Around the country: What columnists are writing about NFL’s move to L.A.

In San Diego, fans want answers. They didn’t get them on Tuesday. Here’s the column from San Diego Union Tribune’s Bryce Miller:

Chargers resolution is no resolution at all

In St. Louis, NFL fans are suffering, again. Here’s the column from the St. Louis Post Dispatch’s Jeff Gordon:

Kroenke fails St. Louis, flees to LA

In Oakland, the future of the Raiders remains uncertain. Here’s the proposal from the Mercury New columnist Tim Kawakami:

Is it time for Davis to sell part of Raiders to raise stadium cash?

Mike Freeman of Bleacher Report said this move was all about $ (surprise!):

NFL Owners Vote with Their Wallets, as Always, in Sending Rams Back to L.A.

Deadspin is offering a platform for fans to say goodbye to their teams – profanity allowed:

Rams And Chargers Fans!  Let Us Help You Say Goodbye To Your Owners


Poll: If the Chargers came to L.A. and rebranded, what would you name them?

The NFL’s San Diego Chargers are one of the teams gunning to come to Los Angeles. And they might leave their old name behind. What do you think of these potential names for the rebranded team? And if none of them strike your particular fancy, enter your own:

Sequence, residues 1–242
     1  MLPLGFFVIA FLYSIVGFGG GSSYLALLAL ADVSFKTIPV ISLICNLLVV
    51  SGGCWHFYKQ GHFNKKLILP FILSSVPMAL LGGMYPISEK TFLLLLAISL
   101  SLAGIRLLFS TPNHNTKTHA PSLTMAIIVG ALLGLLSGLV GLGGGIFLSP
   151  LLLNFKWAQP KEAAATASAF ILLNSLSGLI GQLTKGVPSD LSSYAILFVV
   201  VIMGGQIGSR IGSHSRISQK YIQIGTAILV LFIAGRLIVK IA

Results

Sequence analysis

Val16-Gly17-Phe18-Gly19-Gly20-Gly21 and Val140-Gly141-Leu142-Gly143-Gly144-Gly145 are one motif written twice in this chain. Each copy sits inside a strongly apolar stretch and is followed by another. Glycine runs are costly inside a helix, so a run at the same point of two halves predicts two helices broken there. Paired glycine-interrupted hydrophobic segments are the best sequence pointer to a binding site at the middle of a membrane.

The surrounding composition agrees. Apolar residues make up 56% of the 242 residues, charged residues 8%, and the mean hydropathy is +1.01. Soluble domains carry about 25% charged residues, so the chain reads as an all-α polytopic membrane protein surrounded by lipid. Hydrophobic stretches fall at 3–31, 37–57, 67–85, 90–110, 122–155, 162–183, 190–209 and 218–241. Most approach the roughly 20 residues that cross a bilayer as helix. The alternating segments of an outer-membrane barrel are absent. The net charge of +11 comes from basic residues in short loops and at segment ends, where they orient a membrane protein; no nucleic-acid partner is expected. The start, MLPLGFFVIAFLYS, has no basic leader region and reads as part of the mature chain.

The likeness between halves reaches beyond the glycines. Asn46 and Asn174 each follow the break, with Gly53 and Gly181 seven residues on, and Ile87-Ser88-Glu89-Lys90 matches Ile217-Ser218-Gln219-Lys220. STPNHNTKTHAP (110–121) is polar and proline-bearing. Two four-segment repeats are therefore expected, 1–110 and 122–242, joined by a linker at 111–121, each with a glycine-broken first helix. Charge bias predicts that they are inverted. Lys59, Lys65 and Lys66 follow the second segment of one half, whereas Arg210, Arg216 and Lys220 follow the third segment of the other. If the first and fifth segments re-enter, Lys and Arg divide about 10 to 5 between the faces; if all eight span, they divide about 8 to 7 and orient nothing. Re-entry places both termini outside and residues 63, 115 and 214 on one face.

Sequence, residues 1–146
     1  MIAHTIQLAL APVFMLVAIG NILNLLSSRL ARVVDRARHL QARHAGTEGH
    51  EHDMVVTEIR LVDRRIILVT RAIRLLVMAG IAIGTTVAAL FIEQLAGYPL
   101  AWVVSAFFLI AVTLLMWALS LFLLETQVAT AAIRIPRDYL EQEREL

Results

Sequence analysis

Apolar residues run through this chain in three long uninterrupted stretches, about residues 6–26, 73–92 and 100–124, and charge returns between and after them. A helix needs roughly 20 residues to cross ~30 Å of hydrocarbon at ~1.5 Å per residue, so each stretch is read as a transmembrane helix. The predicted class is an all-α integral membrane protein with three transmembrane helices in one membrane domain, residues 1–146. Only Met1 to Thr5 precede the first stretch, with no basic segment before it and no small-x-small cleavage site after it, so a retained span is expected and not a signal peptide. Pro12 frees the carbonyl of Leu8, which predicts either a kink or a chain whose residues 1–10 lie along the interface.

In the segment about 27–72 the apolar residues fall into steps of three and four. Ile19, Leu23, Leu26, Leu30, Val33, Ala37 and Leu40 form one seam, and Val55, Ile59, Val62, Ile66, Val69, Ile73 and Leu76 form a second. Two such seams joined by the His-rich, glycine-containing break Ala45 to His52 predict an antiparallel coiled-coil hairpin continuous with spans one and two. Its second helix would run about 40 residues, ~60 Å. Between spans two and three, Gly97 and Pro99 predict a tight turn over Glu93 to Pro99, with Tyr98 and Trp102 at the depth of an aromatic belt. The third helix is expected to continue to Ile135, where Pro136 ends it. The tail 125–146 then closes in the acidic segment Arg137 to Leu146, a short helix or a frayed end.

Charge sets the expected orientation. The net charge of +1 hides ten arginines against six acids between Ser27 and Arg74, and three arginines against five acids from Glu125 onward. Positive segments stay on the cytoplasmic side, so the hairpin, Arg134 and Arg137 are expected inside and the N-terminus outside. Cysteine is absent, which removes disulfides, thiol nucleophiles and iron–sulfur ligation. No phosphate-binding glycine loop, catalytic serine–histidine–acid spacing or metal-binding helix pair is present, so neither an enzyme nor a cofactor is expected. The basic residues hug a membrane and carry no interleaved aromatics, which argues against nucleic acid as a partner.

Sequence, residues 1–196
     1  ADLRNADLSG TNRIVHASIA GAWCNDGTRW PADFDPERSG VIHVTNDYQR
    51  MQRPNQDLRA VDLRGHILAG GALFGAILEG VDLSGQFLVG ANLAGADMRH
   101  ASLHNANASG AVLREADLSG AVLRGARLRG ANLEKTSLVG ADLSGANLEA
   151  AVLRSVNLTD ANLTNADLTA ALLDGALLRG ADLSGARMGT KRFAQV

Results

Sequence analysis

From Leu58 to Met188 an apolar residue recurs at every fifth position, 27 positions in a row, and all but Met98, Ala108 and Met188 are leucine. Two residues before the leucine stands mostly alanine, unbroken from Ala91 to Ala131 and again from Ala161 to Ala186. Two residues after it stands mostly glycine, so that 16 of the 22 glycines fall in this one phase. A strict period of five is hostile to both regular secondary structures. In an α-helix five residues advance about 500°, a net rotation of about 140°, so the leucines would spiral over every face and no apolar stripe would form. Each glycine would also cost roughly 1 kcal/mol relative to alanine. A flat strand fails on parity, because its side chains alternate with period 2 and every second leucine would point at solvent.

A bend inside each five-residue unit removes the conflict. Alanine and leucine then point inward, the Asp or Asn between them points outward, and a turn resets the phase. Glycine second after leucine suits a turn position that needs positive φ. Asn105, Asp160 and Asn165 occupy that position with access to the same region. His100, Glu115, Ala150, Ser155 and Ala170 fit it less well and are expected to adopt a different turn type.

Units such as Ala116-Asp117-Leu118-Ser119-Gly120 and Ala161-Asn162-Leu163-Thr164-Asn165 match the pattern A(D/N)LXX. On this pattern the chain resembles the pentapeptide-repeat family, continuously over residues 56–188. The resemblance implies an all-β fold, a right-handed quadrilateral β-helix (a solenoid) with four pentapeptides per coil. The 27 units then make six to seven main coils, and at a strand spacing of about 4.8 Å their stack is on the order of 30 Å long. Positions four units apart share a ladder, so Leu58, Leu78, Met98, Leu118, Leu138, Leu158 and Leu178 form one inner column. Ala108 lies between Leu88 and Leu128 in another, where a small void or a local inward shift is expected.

Would Chargers consider re-branding upon moving to L.A.?

The Qualcomm Stadium home of the San Diego Chargers was taken over by Raiders fans on Sunday, the result of Southern California Raiders fans making a bold statement to the National Football League that the Silver and Black will be well supported should they be approved for relocation to Los Angeles.

It was a powerful reminder just how popular the Raiders are in Southern California, and perhaps a prediction of the loud, immediate bang they’ll make if they move back to L.A.

Ironically, it came at the expense of the Chargers, who the Raiders have partnered with to build a privately funded stadium in Carson.

And it might be cause for the Chargers to consider taking a dramatic step to better guarantee they’ll be successful in Los Angeles.

One that will grant them and their new city the rare chance to create history together.

And who knows, maybe even strengthen their case for L.A. relocation approval.

But more on that in a bit.

The Raiders and Chargers are in a fight with the St. Louis Rams to claim two open spots in Los Angeles, with the Rams eying their own stadium project in Inglewood.

The NFL’s 32 owners are expected to decide the matter in January.

By league rule, the winning team/site requires 24 yes votes.

Fellow owners will take everything into account before making one of the most important decisions in league history, among them how well they believe each each team will be received upon entering the Los Angeles market.

Which brings us back to Sunday in San Diego, where Raiders fans made it clear the Silver and Black will be just fine.

Their deep roots in L.A. – they played here from 1982 to 1994 – and the wide-spread Raiders Nation throughout California pretty much guarantees it.

Based on some texts messages I received during the game, it’s obvious league officials took notice of what happened.